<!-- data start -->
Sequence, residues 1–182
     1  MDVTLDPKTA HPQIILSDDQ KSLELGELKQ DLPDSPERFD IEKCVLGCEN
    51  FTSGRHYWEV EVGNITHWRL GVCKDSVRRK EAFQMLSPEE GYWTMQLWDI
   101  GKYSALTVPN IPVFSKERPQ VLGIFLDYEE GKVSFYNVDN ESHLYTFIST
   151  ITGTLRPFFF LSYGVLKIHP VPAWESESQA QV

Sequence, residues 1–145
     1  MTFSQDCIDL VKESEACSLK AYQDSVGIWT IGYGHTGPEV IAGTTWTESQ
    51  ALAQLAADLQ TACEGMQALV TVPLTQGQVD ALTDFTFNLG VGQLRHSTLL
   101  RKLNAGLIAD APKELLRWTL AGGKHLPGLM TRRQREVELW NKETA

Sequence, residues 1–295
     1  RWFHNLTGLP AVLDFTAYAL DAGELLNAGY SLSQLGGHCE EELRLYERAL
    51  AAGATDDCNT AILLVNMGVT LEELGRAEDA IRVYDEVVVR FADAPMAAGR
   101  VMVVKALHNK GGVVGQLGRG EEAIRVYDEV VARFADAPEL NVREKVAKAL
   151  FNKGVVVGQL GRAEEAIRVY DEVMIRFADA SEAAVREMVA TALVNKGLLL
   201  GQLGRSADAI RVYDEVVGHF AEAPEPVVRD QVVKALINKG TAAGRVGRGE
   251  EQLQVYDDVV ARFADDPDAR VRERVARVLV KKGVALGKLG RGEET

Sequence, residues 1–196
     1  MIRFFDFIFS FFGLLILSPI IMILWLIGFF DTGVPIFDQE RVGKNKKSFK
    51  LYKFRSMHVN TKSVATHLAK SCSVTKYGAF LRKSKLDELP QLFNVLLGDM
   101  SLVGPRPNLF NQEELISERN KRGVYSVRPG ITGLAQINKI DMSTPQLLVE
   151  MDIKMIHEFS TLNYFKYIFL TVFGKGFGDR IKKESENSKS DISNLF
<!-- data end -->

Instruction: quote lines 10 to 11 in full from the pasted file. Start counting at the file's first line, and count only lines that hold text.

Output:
Sequence, residues 1–295
     1  RWFHNLTGLP AVLDFTAYAL DAGELLNAGY SLSQLGGHCE EELRLYERAL